Wolf has also endured two hospitalizations during her time at NU as a result of chronic migraines — one of which resulted in a $1,500 bill not covered by her insurance plan. However, Wolf said NU-SHIP reduced this amount from the original $7,500 fee.
“The coverage is pretty great,” Wolf said. “I do know that any of your mental health care doesn’t go towards your deductible even though I think it’s still pretty good coverage.”
In an email to The Daily, Director of Media Relations Hilary Hurd Anyaso said the University covers the entire cost of the NU-SHIP insurance plan for low-income individuals. She did not comment on this variability of medical fee coverage on NU-SHIP between students on financial aid.
“The Financial Aid Office contacts all incoming students who are eligible for the assistance and provides the money directly to them,” she wrote. “The Financial Aid Office contacts all eligible students proactively to ensure they are aware of this benefit before they even come to campus.”
International students are required to enroll in NU-SHIP
Students holding a J-1 or F-1 U.S. visa are required to enroll in NU-SHIP regardless of their insurance plan back home. For Côté, this means she has to pay the full price of the insurance plan.
Côté, who is from Montréal, completed her undergraduate degree in Canada. She said she used her mother’s insurance for dental, vision and other specialized insurance policies that Canada’s public health care plan doesn’t cover.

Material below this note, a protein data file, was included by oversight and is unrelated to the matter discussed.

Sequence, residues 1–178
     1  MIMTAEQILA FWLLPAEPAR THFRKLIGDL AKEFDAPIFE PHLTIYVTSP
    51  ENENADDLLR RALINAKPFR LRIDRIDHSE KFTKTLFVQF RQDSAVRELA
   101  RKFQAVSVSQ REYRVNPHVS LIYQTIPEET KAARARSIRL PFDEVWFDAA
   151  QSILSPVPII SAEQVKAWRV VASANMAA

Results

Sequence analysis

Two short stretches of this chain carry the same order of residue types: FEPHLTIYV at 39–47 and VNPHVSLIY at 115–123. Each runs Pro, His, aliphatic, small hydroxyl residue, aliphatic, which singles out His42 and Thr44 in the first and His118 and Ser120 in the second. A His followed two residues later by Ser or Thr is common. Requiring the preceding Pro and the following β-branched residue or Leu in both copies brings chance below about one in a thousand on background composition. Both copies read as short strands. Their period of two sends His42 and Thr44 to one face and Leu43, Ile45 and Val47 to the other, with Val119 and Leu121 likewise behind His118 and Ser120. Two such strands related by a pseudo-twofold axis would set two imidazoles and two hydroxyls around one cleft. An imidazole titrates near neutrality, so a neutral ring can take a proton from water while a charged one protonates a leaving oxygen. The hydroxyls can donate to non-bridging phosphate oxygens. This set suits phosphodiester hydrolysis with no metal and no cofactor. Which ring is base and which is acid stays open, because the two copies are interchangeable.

Since coming to NU, she said she wishes a tiered system existed where she could opt out of certain expenses she doesn’t need covered.
“I find it frustrating that there wasn’t a yes or no, like I couldn’t come if I didn’t get (the insurance),” Côté said. “I’m paying at least $5,000 more than I was expecting to come here, which is significant when you don’t have a lot of money.”
Côté added she acknowledges she is a relatively able-bodied person who is lucky not to need all the coverage NU-SHIP provides. However, she said services such as fertility treatments and treatments for preexisting conditions she doesn’t have is coverage she doesn’t foresee needing in the future.
It’s likely international students have mandatory coverage by NU-SHIP to ensure students are taken care of while in the U.S., Côté said.
“That could put someone in a bad situation if they didn’t have insurance while they were abroad,” Côté said.
For other international students, like Weinberg junior Evelyn Long, the price of NU-SHIP is comparable to other plans for students. Because Long has U.S. permanent residency, she said her family thought it would be easier for her to stay on NU-SHIP.
Long said the program’s flexibility appealed to her. Students can choose to either purchase full-year coverage or can opt in whenever they’d like, as long as it’s at the start of one of the academic quarters.
“Because more people use NU-SHIP, it seemed more convenient,” Long said. “The school already provides you with the information and you just know that it will work with Northwestern’s health center.”
Still, some students believe NU-SHIP’s high cost doesn’t align with the coverage students actually need. Côté said the important aspects of health care coverage include seeing a general practitioner, emergency room visits and mental health services.
Côté added that, if NU allowed it, she’d still be on her mom’s insurance plan.
“Until I’m 26 I’m covered under my mom’s plan … it also does cover medical expenses when you’re abroad,” Côté said. “ I totally could have just stayed with that, but I still had to get NU-SHIP.”
This content was originally published here.